The chief executive of the Institute for Apprenticeships and Technical Education delivered a keynote speech that stressed the need to refocus on quality as we emerge from the pandemic.

Jennifer Coupland spoke to delegates at the first Annual Apprenticeship Conference to be held in person, at the ICC, in Birmingham, for two years.

She recalled speaking at AAC 2020, just before the first Covid-19 lockdown, and thanked training providers and end point assessment organisations for doing so much to keep apprenticeships going since then.

She said: “I have seen how you have supported one another, united in your desire to put the interests of the learner first. You have done your level best to support employers and maintain your relationships with them – even when they were furloughing employees and unable to do their part for apprentices. I want to take this opportunity to say a massive thank you!”

Jennifer welcomed the economy opening out again and said it was now time to reset, learn lessons, and focus minds on further increasing quality and making the skills system far easier for employers and learners to use and understand.

She said: “We need a fully integrated system encompassing apprenticeships and all classroom based technical qualifications. We plan to learn from the success of increasing quality in employer-led apprenticeships, by ensuring that technical qualifications at level 2 and 3, T Levels and Higher Technical Qualifications all meet the training needs specified by employers in a common set of occupational standards.”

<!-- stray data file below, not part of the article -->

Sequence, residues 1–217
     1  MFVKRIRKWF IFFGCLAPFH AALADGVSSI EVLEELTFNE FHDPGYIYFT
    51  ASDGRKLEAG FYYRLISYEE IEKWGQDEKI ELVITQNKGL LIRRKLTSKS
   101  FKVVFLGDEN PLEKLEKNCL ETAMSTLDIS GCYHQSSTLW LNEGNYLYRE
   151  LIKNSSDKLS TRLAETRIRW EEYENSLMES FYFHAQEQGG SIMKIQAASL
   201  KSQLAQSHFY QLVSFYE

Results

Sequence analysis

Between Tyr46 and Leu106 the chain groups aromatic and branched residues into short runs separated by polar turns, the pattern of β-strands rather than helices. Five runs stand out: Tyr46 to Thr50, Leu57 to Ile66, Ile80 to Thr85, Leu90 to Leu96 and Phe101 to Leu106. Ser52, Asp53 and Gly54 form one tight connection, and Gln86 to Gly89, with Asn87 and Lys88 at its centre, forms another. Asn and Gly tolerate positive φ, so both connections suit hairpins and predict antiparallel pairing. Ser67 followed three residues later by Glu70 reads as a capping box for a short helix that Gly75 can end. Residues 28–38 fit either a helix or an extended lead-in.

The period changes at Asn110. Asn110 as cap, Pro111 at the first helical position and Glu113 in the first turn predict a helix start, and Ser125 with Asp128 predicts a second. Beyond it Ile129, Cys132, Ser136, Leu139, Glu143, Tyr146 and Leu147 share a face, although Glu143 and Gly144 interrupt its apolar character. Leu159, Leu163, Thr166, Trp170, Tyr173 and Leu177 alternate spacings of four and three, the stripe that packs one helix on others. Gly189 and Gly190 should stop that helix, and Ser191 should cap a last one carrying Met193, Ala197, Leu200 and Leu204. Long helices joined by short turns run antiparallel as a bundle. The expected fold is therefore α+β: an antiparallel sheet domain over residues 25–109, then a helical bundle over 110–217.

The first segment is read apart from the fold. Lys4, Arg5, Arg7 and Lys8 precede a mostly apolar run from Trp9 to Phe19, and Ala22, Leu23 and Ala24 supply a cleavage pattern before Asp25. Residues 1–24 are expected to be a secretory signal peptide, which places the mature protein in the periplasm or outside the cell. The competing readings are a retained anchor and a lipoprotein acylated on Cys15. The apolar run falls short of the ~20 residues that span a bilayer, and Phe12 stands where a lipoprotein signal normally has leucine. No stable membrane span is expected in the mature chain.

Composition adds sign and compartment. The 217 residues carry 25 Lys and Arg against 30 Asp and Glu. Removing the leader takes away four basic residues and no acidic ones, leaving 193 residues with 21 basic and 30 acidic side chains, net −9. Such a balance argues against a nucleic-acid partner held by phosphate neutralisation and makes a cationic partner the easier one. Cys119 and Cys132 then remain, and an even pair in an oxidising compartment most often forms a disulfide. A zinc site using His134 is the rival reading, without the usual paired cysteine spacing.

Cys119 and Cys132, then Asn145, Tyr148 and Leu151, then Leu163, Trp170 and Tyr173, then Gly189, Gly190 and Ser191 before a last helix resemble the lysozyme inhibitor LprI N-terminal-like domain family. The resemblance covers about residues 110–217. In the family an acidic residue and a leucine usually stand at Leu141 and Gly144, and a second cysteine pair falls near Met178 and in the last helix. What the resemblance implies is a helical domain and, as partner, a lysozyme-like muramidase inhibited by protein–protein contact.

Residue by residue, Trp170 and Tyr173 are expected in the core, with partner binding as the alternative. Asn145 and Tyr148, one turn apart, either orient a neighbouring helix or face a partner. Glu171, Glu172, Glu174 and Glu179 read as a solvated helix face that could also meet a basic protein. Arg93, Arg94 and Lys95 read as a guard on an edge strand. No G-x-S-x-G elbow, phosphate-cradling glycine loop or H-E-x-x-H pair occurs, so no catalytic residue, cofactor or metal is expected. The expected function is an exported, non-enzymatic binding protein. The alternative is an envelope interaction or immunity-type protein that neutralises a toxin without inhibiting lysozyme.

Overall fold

Jennifer added the Institute will in future want the number of qualifications to follow employer demand. Opportunities for progression between different apprenticeships and qualifications will also be charted in easy-to-navigate occupational maps.

She also reflected on the need for more diversity across apprenticeships.

“Employers also tell us that they want a more diverse workforce. They know that reflecting the rich mix of gender and ethnic diversity we have in this country in their own workforce is good for business and the public sector organisations that serve us all,” Jennifer said.  “We also know from countless conversations with employers that their wish for diversity is still not reflected within the future skills pipeline of apprentices and tech qual students, so we need to dig into why this persists and correct it.”

Her speech stressed the importance of improving apprenticeship completion rates and getting better at predicting future skills needs for the economy. The Institute is working closely to this end with the Department for Education’s Future Skills Unit and, she said, is in a “great position to contribute insights and market intelligence from the thousands of employers we work with on apprenticeships, T Levels, and Higher Technical Qualifications”.

Jennifer closed her address to delegates with a positive message.

She said: “These are exciting times and I have never seen more goodwill and support from government and the public for apprenticeships and technical education. It’s time to reset, learn from adversity, and move forward together.”